What's up my brother?

What's up my brother?

“Would I lay down my life to save my brother?
No, but I would to save two brothers or eight cousins.”
– John B.S. Haldane, Geneticists


John B.S. Haldane was an award winning scientist, who made important contributions in mathematics, statistics, physiology, evolutionary biology, and of course genetics where he was presented with the Kimber Award by the United States National Academy of Sciences. A brilliant scholar, no doubt but in my short venture into his life, it was his deep thoughts about everything, that made him a man I wanted to learn more about. Or perhaps, the song I was listening too, while researching the man behind opening quote, made the connection, by happenstance.


by The Brilliance


“What’s Up, My Brother?”
Says The Brilliance to the Brilliant (and Everyone Else).
written & edited by Kendall F. Person

inspired by Rudyard & Michelle

Sometimes, scholars lose sight of what all that knowledge was meant for. I am a champion of the university bubble, truly believing that knowledge offers the solutions to everything, but it does no good if the wisdom is held inside a bubble made of plexiglass, and the inhabitants share back and forth in a spectacular exclusion, never imagining a way to share the wealth (shade thrown at The Sacramento County Academic Decathlon, but another story).

But songs like Brother – perhaps a would be candidate for the Kimber Music Award, had it not crashed, when the Kimber Science Award was stripped from the occassion – and recording artists like The Brilliance demonstrate a comprehension of sharing emotion, and telling a story through a simplistic message, that exist, however, on equal scales with the deep thinkers, who rarely venture out of the hollowed halls.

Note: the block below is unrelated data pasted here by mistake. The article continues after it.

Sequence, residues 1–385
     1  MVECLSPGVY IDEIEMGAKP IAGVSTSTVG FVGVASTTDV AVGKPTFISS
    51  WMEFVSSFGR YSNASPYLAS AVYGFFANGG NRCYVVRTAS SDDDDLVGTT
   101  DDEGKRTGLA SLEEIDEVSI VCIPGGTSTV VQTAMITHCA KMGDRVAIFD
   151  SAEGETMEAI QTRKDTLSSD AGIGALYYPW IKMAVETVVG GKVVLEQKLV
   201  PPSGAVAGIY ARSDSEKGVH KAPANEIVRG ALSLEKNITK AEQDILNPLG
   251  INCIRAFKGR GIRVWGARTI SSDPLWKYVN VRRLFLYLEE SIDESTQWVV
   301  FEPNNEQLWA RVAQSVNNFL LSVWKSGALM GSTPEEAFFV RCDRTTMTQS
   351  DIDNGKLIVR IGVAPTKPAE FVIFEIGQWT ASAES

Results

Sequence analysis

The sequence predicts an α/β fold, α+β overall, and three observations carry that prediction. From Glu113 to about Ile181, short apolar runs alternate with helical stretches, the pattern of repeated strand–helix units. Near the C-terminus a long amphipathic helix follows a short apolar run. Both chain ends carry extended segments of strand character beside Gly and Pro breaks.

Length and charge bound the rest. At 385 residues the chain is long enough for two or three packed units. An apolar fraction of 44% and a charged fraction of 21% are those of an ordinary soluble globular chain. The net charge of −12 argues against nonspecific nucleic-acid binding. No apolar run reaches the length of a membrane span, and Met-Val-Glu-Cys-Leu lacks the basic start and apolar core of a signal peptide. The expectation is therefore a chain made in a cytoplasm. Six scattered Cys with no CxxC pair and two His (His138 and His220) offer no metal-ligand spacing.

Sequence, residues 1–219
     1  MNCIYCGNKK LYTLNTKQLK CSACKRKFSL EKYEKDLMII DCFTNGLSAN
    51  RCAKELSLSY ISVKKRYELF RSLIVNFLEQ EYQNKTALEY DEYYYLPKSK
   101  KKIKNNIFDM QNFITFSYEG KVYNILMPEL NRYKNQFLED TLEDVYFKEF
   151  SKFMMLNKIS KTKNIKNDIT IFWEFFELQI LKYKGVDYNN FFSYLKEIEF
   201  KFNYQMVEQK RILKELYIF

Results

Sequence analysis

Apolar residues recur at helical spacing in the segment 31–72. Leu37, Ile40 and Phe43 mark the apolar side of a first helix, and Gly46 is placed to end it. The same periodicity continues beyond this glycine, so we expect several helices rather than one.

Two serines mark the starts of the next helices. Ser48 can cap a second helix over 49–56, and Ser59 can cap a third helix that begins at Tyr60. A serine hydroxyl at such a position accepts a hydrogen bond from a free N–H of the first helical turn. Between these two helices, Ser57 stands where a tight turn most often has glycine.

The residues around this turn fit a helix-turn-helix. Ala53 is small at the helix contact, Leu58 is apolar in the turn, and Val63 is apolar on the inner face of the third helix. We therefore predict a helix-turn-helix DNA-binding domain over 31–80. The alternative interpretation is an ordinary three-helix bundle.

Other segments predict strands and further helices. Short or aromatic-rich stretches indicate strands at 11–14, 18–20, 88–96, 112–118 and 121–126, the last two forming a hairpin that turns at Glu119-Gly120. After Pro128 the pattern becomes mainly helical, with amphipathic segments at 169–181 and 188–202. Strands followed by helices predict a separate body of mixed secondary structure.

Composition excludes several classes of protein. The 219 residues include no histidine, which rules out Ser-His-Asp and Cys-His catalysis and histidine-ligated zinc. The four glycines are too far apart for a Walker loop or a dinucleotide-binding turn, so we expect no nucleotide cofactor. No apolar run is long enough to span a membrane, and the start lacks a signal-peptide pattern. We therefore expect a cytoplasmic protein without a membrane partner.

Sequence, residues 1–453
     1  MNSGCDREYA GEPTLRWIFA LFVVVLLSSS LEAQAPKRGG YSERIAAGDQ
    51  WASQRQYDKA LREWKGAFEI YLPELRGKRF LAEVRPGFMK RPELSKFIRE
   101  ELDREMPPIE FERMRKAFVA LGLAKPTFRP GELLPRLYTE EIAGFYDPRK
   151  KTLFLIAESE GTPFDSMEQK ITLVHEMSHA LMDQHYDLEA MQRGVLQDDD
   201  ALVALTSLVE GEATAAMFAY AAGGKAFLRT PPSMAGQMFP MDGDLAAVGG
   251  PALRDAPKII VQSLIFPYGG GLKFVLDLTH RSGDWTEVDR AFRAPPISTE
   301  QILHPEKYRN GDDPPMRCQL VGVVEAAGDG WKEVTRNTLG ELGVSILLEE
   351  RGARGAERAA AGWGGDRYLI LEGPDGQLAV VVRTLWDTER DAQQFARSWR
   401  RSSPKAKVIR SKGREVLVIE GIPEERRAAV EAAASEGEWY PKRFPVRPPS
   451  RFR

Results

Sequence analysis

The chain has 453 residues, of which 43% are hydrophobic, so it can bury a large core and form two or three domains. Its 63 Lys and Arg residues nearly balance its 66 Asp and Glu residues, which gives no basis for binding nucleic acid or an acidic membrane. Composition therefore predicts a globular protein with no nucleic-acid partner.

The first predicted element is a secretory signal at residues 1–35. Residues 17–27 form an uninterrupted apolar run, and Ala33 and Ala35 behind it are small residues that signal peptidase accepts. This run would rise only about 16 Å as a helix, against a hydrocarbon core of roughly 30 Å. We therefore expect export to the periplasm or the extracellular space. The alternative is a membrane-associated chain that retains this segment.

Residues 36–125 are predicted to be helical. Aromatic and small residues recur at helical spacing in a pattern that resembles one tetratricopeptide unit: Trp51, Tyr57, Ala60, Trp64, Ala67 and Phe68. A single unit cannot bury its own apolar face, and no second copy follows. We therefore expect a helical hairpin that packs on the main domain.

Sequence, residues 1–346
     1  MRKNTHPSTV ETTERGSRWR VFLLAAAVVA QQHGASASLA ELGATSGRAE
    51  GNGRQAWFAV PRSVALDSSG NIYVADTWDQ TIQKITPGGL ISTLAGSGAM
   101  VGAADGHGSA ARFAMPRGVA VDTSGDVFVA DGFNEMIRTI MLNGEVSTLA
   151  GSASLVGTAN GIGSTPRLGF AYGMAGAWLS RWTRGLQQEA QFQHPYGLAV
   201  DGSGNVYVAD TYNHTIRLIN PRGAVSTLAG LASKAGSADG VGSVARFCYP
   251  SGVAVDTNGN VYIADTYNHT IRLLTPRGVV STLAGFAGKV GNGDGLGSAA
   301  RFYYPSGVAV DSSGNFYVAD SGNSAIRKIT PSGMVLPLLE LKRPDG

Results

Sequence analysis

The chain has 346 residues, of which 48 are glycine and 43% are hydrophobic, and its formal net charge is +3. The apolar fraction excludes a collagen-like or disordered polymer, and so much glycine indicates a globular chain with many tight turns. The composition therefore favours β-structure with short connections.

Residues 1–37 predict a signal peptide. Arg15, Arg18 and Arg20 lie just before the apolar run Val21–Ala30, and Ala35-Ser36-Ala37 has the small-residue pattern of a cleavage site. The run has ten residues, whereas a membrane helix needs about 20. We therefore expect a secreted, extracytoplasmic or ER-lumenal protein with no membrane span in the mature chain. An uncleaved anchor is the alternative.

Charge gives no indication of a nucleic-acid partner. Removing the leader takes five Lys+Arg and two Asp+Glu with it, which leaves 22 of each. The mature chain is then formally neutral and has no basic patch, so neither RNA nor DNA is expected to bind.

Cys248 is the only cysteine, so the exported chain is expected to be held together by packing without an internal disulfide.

Through the course of his life, John BS Haldane would not limit himself to the discipline that brought him fame. He was a communist for awhile, but even when he wore that banner, his intellect would not allow a robotic or fanatical ideology to set in. As a member of the communist party, he notably stated, that the United States even as it grappled over the resemblance of socialism in government, could never be undone by limitations of life under communism. An atheist by design and definition, but when questioned by theologians, his responses were anything but decisive. Perhaps smart enough to know, how much he never would.

“It seems to me immensely unlikely that mind is a mere by-product of matter. For if my mental processes are determined wholly by the motions of atoms in my brain I have no reason to suppose that my beliefs are true.

As scholars have sought to make intellect a private club, ministers of religious ideology, who fire shots in condemnation from high upon the pedestal from which they judge, have also preferred closed doors. But it was not religion that took the hit, but rather it created a fog over faith and belief, forcing doubt where it did not need be.

But Brother builds bridges. The song does not hide who its praises are for, but does so without excluding anyone from its remarkable charm. Emotions and conviction are inhaled in every word. Brother breaks it down so completely, that peace and love are all we feel, and even the New York vibe in the rhythm, that keeps us continously bobbing our heads, will force gospel music purists, to ride the wave, as The Brilliance – in 3 short minutes – puts on a revival via musical performance, that makes us feel closer to one another, and inspired by our belief in a higher power,

The Brilliance and the brilliant, lived in two separate times, and by all appearances, not found above the clouds, in two separate worlds. But had they met, the brilliant scientists and The Brilliance christian music group would have stopped and took note of the other. “How were they able to touch a non conflicted part of me, that I did not know existed?” Haldane may have pondered. And for David Gungor and John Arndt, their thoughts and intent, would have been clear from jump: When I look into the face of my enemy, I see my Brother. (opening lyrics)

When the song ends and the music stops, allow the flow just one more moment: the very next person in our path, greet them in sincerity, with the words “What’s up, my brother?” and note how good it makes us feel.

Brother from the album Brother by The Brilliance available on itunes

Shout out to Young Lawrence for sharing Brother with me.


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